Home to subterranean hotel rooms, sand dunes, and charming river towns, the interior of New South Wales has plenty to explore, especially now that water has returned to the land.
Words and photographs by Ian Lloyd Neubauer
Sydney, Katoomba, Bathurst, Dubbo: they vanish like mirages in my rear-view mirror as I surge westward on a mission to witness one of the rarest natural occurrences of our times: the Australian outback in bloom. Following two consecutive summers of record-breaking rains across eastern Australia, the country has officially been declared drought-free for the first time in more than a decade. Huge bodies of water have moved south from Queensland into the Murray-Darling Basin, turning the desert green in its wake.
I get a taste of what it was like here during the Big Wet when a savage electrical storm erupts on the horizon as I drive down a lonely stretch of the Barrier Highway deep in the interior of New South Wales. White-blue rain comes down in sheets, the desert releasing its giddy aroma as lightning bolts sizzle across a pitch-black sky. I’m heading to White Cliffs, a mining town-cum-tourist trap some 1,000 kilometers northwest of Sydney. It’s the closest town to Paroo-Darling National Park, one of many conservation areas transformed by the rains, a place where once-dry lake beds have become inland seas so large they have islands and weather systems of their own.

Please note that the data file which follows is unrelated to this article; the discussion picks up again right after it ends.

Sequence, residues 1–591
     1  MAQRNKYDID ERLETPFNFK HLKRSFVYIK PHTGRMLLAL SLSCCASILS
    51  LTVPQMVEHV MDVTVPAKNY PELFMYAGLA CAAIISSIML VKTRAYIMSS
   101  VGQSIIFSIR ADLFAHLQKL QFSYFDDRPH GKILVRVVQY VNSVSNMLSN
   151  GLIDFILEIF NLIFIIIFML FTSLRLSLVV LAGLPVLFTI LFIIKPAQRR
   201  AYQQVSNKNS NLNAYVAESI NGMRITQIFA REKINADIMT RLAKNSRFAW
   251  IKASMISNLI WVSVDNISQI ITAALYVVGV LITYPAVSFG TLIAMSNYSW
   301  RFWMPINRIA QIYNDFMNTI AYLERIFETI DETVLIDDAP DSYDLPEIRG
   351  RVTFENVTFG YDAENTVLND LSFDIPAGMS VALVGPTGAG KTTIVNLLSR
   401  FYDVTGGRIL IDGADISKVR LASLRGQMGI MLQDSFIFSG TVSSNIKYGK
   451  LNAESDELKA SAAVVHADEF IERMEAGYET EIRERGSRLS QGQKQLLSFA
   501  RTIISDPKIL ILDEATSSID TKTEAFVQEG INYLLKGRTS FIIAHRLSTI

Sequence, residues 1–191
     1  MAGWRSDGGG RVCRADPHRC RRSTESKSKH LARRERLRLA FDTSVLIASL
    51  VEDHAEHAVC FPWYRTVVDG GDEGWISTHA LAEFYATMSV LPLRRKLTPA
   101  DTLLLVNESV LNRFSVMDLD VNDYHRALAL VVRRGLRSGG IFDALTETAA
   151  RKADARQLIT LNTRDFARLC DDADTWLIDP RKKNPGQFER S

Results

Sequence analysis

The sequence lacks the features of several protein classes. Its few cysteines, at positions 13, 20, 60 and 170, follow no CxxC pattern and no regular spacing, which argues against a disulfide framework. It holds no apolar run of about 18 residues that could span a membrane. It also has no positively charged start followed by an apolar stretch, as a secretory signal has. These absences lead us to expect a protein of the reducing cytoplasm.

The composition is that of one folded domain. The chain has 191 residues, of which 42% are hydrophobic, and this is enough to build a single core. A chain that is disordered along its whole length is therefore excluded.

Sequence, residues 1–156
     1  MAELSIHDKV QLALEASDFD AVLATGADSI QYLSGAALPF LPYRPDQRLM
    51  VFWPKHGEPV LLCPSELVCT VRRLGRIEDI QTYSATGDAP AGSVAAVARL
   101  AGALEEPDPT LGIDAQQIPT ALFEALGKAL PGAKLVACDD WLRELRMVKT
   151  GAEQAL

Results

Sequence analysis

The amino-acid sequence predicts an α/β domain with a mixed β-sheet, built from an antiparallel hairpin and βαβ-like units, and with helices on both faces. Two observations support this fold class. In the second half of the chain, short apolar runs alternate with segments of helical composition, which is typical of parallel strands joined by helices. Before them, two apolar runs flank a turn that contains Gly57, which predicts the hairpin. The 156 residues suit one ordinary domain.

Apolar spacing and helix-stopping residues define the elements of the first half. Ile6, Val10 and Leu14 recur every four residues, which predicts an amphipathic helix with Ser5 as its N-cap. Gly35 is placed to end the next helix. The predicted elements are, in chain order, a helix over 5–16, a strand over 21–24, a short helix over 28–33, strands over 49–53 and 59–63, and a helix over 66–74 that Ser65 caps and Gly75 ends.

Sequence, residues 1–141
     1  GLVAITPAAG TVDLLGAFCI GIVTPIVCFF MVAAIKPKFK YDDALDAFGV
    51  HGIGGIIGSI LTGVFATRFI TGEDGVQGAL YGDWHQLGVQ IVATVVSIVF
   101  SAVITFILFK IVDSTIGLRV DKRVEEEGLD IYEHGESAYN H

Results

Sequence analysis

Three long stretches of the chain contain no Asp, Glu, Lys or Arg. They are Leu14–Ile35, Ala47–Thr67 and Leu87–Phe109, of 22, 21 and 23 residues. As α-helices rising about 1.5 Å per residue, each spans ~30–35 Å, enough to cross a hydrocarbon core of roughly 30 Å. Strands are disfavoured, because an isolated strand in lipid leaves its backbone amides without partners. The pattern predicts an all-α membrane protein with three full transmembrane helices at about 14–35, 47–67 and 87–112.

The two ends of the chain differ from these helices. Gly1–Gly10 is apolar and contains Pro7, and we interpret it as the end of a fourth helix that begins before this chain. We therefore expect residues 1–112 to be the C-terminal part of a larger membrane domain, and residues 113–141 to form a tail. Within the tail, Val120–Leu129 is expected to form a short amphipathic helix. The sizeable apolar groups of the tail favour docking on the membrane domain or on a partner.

The next morning, I wake up staring at a 64-million-year-old ceiling inside PJ’s Underground, a bed-and-breakfast built inside an old opal mine. My grotto-like room feels like something out of Fred Flintstone’s Bedrock, providing the perfect escape from the blistering heat and biting winds for which White Cliffs is renowned.
The sun is already high by the time I emerge at the surface. It’s my first time in the outback and I’m awed by the vastness of it all—rocky red soil and tumbleweeds as far as the eye can see. The only break in the flatness is a sandstone ridge that borders the shore of distant Lake Peery, centerpiece of the Paroo-Darling. Fed by torrents of water flowing 600 kilometers south from Queensland’s gorge country, this string of pools has in recent months been transformed into a complex wetland system.